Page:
But…what do I know? I'm only a dirty female. Clearly, the boy who doesn't read knows better than everyone else in the room. (If, by the way, someone does know if there are rules around the greeting—enlighten me!)
Class passed (of course he kept injecting his bullshit commentary when he hadn't read the play…but whatever). There was no appropriate time during class to bring up the Torah discussion. We were discussing what Clifford Odem's play Awake and Sing and Arthur Miller's Death of a Salesman have to do with being Jewish in America. Neither play has anything to do with Torah.
However, during break, the boys gathered in the student lounge mixing their cup-o-noodles. Chaim stood at the counter sermonizing the proper way to kasher for pesach. I stood quietly stirring my hot chocolate. Then, I simply could not help myself. I look at Chaim, opened my mouth, and said, "I wrote about you." I blurted out.
"Oh,really?" He smirked for the tenth time that day. "And what did you write?"
"I couldn't stop thinking about your comments on women reading from the Torah. There were so many things I wanted to say that I just didn't say last week."
"Well, what about masturbation? How do you know a man hasn't masturbated before he touches the torah?"
"Easy," He stands up straighter preparing us for his greatness, "We can't know, but we just give them the benefit of the doubt." Huh? The benefit of the doubt? Do you know how many times a day people masturbate? Why are we giving people the benefit of the doubt? Oh right, because they're men.
"Why do you assume that a woman has her period then?" I question.
"Also easy, you can't ask a woman if she has her period" (because we all go around asking if people masturbate). "Thus, we assume that she does."
"But," I attempt to argue," Don't you think the woman knows if she has her period? Don't you think her husband knows? Wouldn't both of them make sure, she doesn't touch the torah?
"Ah," He rubs his beardless chin as if he is a great Rebbe, "a woman, can have her period at anytime."
I guess technically, she could, but that comment speaks to the heart of the matter. A woman is constantly on the brink of impurity. At any moment, she could explode with all her womanly grossness—damaging everything holy in her path. She is in a perpetual state of worthlessness.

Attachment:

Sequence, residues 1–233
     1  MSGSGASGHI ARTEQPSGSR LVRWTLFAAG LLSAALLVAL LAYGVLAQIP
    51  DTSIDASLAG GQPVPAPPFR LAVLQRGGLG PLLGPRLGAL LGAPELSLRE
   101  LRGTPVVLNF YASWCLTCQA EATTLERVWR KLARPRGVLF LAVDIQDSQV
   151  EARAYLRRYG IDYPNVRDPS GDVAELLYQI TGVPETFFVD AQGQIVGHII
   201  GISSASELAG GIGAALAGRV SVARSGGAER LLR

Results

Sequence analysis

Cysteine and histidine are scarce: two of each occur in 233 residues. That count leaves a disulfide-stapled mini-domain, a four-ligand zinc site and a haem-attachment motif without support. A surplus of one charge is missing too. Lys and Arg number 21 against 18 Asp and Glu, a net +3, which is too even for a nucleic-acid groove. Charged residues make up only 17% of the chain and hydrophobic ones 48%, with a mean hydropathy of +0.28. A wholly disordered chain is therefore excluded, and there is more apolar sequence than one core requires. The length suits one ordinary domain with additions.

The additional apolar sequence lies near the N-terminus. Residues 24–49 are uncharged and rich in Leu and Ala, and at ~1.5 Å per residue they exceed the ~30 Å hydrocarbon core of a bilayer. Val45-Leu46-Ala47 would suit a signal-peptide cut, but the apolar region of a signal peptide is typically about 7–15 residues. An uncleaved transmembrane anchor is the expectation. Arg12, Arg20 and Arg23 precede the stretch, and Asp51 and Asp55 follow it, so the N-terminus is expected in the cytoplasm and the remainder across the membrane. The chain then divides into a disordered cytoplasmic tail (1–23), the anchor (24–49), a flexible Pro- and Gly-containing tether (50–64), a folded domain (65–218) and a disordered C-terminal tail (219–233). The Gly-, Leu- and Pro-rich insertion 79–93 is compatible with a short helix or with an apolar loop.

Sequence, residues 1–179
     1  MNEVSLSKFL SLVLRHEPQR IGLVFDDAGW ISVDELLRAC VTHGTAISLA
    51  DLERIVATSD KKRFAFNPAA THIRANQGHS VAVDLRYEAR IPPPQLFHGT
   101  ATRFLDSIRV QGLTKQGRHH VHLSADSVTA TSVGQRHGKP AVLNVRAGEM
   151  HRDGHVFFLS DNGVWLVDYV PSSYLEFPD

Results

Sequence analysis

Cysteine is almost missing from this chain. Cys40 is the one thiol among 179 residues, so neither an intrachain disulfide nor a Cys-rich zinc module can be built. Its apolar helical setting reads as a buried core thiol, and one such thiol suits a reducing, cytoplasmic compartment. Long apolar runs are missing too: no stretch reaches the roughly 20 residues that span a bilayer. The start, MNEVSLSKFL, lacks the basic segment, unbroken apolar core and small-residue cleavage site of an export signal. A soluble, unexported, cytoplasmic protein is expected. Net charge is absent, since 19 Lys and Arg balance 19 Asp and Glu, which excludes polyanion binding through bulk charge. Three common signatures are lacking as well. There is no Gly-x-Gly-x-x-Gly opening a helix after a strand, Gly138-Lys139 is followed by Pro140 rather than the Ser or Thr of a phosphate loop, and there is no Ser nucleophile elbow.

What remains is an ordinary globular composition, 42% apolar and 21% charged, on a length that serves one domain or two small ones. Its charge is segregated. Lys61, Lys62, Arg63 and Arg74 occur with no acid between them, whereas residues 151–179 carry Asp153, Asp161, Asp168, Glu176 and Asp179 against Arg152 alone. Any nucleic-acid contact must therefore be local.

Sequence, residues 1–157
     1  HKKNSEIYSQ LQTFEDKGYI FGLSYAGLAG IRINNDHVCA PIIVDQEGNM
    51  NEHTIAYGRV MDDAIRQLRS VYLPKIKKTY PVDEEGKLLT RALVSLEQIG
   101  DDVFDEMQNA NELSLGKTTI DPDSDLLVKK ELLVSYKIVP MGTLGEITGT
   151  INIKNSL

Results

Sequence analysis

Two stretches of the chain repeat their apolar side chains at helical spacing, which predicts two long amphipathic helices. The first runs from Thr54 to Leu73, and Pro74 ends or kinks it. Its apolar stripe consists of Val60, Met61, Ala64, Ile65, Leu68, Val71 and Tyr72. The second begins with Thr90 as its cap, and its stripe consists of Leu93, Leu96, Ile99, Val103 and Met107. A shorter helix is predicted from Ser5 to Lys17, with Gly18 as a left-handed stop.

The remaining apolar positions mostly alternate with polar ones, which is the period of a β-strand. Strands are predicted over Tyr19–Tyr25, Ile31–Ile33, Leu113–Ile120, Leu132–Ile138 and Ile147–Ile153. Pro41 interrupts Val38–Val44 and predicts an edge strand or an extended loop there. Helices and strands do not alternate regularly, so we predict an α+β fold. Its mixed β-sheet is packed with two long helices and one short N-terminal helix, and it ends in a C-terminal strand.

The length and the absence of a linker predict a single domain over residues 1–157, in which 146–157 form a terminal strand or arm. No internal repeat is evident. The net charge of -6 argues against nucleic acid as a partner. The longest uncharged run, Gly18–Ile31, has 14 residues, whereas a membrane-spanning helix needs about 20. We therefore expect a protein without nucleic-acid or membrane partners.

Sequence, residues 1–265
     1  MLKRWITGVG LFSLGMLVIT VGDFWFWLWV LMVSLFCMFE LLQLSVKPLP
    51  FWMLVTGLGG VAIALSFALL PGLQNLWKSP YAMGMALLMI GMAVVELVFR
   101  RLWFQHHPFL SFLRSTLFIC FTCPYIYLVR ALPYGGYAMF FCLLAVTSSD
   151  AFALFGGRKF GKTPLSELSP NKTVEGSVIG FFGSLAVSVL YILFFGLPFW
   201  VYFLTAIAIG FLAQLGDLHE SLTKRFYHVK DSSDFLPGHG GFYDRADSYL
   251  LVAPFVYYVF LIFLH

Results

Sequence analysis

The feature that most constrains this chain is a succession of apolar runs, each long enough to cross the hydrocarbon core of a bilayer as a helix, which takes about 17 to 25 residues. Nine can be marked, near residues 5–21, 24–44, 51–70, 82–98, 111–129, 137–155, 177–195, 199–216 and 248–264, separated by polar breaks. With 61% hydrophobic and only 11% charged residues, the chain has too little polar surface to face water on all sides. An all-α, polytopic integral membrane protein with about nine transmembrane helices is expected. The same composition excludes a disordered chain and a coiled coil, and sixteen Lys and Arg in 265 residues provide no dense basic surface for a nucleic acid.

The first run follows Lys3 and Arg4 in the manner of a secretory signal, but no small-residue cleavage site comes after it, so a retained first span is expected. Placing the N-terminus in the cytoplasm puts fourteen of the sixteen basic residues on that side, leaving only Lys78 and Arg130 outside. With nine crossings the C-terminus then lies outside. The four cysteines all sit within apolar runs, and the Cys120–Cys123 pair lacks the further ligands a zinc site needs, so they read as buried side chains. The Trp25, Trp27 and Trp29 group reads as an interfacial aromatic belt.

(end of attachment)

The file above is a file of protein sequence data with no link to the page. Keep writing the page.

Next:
(I think my sister said it best, when she commented, "Wait, is the woman reading from the Torah or is she using it as a tampon?")
No one actually touches the Torah scroll when they read it. They kiss it with their talis. The read from it with a yad. No one is lying naked with it. However, ritual impurity clings to a woman's entire body. She cannot escape it. I realized (as I should have realized the week before) that there is nothing I can say to make him change his mind. Dirty is dirty. Women are dirty; men aren't. Period.
I do wonder what he'll do with himself when he gets older and marries (bless the poor girl who marries him). Does he think with all his rules, he'll be able to escape her impurities? Does he think he'll be able to stay away from her for 14 days each month..every month? He'll need his own bathroom, his own bedroom, his own kitchen, his own couch. He'll certainly need his own trashcan.
I walked out of the lounge, and they continued their koshering discussion. When I reached the classroom, I was alone. I stood over his notebook and the one book he actually brought to class. I thought of my own impurities: the possibility of a period at any moment, my Reform Judaism, my marriage to the Giant Gentile, my immodest low-cut dress, my uncovered red-streaked blond curls.
So, I did the only thing I could do: I took my hand and touched his books.